Initially dubbed “Victory City,” planning for the town had begun alongside planning of the ordnance plant. Construction was underway for nearly 3,000 houses, on 775 acres of former farmland, in 1942. President Roosevelt had established the National Housing Agency in February of that year, including provisions for housing relating to the war effort. Most houses at the LaPorte County site were one-story bungalows, and plans for the new community included schools, a civic center, a “village green,” police, fire, and medical facilities, and an administration center acting as the “town hall.”
As even modern-day maps and aerial photos show, the design for the town’s layout differed from most American municipalities: rather than a squared “grid” of streets, Kingsford Heights was laid out in a sort of “wagon wheel,” circular pattern, with municipal services and the like at the center. Rumors persisted that U.S. First Lady Eleanor Roosevelt had had a hand in the planning of the town, whether in its unusual shape or the naming of its streets, but so far efforts to substantiate the claim have failed.
Workers rented their housing from the government but, while some indeed took advantage of the available residences in “Victory City,” many preferred to commute from their own homes to the nearby ordnance plant, and postwar news reports indicated that only around 300 of the homes were actually occupied during World War II.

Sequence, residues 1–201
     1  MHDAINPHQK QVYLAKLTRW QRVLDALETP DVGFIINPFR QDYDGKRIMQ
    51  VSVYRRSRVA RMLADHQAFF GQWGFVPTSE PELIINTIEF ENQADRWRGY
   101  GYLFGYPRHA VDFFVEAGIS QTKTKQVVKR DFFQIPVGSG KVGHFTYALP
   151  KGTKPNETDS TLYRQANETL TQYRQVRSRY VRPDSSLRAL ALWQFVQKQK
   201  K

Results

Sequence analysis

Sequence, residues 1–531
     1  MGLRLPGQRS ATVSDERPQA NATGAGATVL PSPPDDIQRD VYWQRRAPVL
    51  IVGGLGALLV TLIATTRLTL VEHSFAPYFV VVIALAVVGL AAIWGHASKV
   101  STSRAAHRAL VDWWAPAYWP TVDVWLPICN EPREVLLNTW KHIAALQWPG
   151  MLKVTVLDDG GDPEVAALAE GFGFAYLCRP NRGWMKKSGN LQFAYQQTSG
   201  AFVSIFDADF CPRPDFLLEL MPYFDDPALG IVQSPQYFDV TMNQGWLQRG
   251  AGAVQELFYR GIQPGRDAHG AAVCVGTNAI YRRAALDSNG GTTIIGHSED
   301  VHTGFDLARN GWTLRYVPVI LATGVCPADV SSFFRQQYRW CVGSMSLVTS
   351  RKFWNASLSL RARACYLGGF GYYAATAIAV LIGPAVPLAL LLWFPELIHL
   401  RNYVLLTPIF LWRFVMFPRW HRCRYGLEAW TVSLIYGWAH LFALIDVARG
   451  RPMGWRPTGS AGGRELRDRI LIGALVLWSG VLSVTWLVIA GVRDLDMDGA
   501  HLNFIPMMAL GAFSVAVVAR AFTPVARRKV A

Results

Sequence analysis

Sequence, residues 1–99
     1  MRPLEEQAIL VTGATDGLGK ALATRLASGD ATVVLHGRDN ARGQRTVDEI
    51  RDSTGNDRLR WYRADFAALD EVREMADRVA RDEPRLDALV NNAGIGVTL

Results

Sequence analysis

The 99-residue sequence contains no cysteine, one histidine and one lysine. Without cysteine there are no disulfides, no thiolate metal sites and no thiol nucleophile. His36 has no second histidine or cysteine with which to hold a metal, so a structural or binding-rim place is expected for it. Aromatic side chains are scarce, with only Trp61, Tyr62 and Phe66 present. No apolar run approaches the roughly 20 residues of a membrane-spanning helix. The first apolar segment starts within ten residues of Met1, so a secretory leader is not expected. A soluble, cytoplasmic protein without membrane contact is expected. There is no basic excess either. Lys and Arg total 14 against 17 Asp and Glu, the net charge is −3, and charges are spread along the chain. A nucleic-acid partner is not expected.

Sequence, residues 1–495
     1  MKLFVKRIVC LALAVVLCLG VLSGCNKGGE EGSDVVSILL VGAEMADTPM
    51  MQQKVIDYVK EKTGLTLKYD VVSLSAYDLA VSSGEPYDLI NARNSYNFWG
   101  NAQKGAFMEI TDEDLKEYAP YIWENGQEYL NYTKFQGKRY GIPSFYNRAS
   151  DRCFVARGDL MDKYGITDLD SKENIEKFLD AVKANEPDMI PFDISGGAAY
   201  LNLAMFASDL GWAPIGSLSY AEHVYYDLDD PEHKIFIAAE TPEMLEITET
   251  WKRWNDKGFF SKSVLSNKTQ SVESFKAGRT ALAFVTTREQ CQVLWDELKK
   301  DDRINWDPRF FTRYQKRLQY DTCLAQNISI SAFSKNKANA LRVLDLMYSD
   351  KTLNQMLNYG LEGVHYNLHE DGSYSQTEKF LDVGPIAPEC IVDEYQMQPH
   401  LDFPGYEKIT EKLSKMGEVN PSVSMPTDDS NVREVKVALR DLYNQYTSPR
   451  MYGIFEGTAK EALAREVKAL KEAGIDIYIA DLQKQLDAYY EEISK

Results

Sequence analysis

As the war ended, production at the Kingsbury ordnance plant naturally slowed to a near halt as well. It was briefly reopened for the Korean War a few years later, but permanently closed and decommissioned in 1960. Five years later, 7,280 acres were made the property of the State of Indiana and eventually converted to the Kingsbury Fish and Wildlife Area. Portions were converted into the Kingsbury Industrial Park and some returned to farmland.
Since its closure, the old ordnance plant site has persisted as a sort of “ghost town” and a visible reminder of an important piece of statewide and national history, though through the decades, remaining aspects of it have continued to decay and crumble. And while the area has attracted curiosity seekers and even ghost hunters over the years, visitors should be aware that much of the land is on private property and may even be dangerous to access. Some remnants, however, are visible from publicly accessible locations.
More focused information, and an array of artifacts and photos, for interested readers can be found at the LaPorte County Historical Society Museum in Laporte.
Lasting residents of Kingsford Heights, meanwhile, purchased their town from the U.S. government and in 1956 it was incorporated as a municipality, with state funds made available to revitalize. New housing was added in the early 1970s and a plethora of new amenities emerged in the years since.
Today, the town’s 300-plus families call home an active community which signifies the notable contributions of the Lakes area to the World War II effort.
Jeff Kenney is a local historian and museum and archives manager for Culver Academies.